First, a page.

For the past four years, I have been developing and testing the Pricing Model Innovation Canvas (PMIC). The purpose of this canvas is to offer a framework to innovators, marketers, digital experts, and pricers to conduct deep dives in the revenue model block of the existing business model canvases. The Pricing Model Innovation Canvas focus on the three Cs of pricing (cost, competition, and customer value) and one C related to change management to support the design and execution of new or revised pricing models. The PMIC describes the various methods, analyses, and outcomes of the 4Cs. Working with it leads to the selection of the proper pricing model(s), the relevant pricing test plan, and to a more informed pricing decision.

A Canvas for Pricing Model Innovation

The information contained in the PMIC is not new. In fact, pricing based on 3C’s of pricing have been used for a while under the leadership of some of the best pricing scholars. Kent Monroe’s 1990 book highlighted concepts of the final price discretion using the 3c’s (customer, competition, and cost).

A Canvas for Pricing Model Innovation

Source: Kent Monroe’s (1990), Pricing: Making Profitable Decision

The PMIC uses these three Cs while adding the change component. For each of the Cs, five methods, tools, or analyses are proposed for a total of 20. Innovators, marketers, and pricers select the most relevant to use and assemble the information using the canvas. The end game is to generate the outcomes and outputs that are necessary to better frame an opportunity and to make better pricing decisions. I recommend five of these framing decisions are shown in the PMIC:

  1. Pricing model(s): What is the right pricing model(s) for this opportunity? Is it product pricing, subscription-based pricing, usage-based pricing, outcome-based pricing or a mix of these?
  2. Price-point Decision: What is the right price level for the new opportunity? What is the right pricing structure and discount level?
  3. Price Testing: What needs to be tested, when, and with whom before it is launched? All canvases recommend testing but very little is said about pricing. Is there a need for further and specific pricing research to test the pricing model and price level?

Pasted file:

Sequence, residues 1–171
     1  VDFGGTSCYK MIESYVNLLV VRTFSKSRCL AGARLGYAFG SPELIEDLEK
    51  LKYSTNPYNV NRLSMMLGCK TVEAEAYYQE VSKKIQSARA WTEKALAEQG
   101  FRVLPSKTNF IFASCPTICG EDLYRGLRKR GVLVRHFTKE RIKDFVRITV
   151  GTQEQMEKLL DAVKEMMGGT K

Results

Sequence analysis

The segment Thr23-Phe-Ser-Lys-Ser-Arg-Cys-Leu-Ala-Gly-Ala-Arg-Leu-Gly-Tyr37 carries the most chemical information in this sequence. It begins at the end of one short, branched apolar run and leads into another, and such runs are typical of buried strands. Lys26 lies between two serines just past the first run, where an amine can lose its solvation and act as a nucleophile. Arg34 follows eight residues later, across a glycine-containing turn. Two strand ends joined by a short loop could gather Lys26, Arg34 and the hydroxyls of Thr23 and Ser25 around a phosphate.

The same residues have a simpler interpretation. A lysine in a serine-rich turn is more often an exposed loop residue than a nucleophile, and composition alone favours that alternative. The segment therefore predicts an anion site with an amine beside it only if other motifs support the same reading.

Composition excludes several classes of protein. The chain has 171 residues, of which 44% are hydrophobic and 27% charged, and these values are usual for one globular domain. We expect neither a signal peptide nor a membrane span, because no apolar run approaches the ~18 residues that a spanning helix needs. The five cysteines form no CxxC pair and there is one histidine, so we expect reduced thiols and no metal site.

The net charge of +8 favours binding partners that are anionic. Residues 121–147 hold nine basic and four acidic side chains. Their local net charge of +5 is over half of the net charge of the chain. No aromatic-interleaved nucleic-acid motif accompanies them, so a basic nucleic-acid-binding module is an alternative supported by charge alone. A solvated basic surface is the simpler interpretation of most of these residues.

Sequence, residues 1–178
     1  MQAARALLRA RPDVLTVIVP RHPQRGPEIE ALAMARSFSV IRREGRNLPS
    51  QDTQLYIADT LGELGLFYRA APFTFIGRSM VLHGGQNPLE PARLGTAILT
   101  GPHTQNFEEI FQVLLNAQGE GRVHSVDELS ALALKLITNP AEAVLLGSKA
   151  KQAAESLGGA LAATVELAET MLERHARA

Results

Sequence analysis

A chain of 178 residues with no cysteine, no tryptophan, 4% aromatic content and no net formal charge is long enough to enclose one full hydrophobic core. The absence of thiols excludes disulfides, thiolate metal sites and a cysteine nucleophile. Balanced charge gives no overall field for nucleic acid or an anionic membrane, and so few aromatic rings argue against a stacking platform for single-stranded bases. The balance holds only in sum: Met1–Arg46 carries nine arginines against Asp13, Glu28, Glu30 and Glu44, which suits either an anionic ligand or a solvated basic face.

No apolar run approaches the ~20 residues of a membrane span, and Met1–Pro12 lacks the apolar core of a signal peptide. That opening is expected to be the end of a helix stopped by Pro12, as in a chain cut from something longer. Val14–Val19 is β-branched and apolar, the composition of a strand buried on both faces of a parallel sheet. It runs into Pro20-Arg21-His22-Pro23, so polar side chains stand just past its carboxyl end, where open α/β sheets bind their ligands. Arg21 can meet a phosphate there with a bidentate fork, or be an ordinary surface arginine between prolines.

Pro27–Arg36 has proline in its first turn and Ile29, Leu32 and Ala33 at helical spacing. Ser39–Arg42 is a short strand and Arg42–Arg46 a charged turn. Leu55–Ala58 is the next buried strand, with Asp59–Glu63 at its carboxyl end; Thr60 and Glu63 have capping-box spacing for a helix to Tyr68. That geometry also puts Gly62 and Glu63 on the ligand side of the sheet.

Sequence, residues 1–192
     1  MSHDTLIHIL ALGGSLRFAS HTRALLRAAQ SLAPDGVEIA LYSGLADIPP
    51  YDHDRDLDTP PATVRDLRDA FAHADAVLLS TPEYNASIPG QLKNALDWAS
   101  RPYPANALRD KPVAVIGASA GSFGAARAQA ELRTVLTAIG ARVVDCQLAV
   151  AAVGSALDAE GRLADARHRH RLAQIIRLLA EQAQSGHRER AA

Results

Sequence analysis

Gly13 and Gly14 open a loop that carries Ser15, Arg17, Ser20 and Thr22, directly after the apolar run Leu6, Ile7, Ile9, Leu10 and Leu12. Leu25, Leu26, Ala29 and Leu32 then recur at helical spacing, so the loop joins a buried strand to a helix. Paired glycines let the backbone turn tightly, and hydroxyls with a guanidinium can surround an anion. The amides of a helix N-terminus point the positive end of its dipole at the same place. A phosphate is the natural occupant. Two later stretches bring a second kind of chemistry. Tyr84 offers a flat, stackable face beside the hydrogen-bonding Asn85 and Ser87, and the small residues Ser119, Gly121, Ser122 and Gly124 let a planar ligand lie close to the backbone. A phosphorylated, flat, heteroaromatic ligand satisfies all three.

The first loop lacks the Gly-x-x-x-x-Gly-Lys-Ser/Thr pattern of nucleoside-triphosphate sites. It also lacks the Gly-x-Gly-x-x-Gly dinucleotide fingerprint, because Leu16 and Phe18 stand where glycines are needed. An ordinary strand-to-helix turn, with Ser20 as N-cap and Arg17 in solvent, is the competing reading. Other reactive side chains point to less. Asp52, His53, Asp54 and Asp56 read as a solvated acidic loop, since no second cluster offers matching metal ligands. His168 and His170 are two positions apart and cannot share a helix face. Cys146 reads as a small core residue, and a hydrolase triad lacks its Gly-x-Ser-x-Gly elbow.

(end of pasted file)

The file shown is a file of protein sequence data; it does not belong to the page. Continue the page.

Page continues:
4. Profit Formula: With the pricing model(s) and price-point selected, what does the P&L look like? What happens to EBIT and cash flow? What are the impacts of switching from an ownership model to a consumption model?
  5. Pricing Execution Plan: Last but not least, who does what in pricing? Who is accountable to implement the guidelines and scaling plan? How is pricing governed for this innovation when it moves back in the core business? How do we train the sales force especially if there is a new pricing model?

PMIC Focuses on Key Questions

A lot of information needed to fill out the PMIC should be already available from the analyses conducted in the rest of the business model blocks. Data may come from other processes as well. The key is to assemble a multi-functional team of experts to have a dedicated and intelligent discussion on pricing as part of the framing process of the innovation using the canvas. That discussion will for sure leads to the uncovering of information gaps and neglected areas. Some of the questions we need to answer for each of the 4 Cs are listed below.

  1. Customer
    • What are your customer segments?
    • What are your customer’s pains and gains?
    • How are customers expressing value?
    • What drivers impact the customer’s P&L?
    • How do customers compare value and price (apples to apples)?
  2. Competitors
    • Which competitors occupy the mind of the customers (NBCAs)?
    • What are your TRUE differentiators?
    • What are your WOW differentiators?
    • What are marketing and technical switching costs?
    • What are your competitors price levels and pricing strategies?
  3. Costs
    • What are your main cost drivers?
    • What are your top-down margin targets?
    • What is your break-even point?
    • How do costs evolve during scaling?
    • What is your customers’ price sensitivity?
  4. Change
    • Who is in charge of pricing pre/post launch?
    • Are your sellers trained on value/pricing models?
    • What are expected pricing objections?
    • How are price special conditions approved and by whom?
    • How do you quickly scale commercially?

A full version of the Pricing Model Innovation Canvas is available on Slideshare and videos are available on YouTube. You will find the basic version of the canvas, a version with questions, and a detailed version with all 20 methods and analyses with relevant outputs/outcomes. I want to promote the use of the PMIC in digital incubators, in start-ups and in marketing circles. It is the right time for the pricing function to make a push for wider adoption of key concepts. A dedicated pricing model canvas does just that. To help with adoption, this canvas was designed and released with the Creative Commons attribution. A Creative Commons (CC) license is one of several public copyright licenses that enable the free distribution of an otherwise copyrighted work. It is used when a creator wants to give people the right to share, use, and build upon a work that they have created. So be bold, share widely and make use of it. Updates and revisions will be made on a regular basis.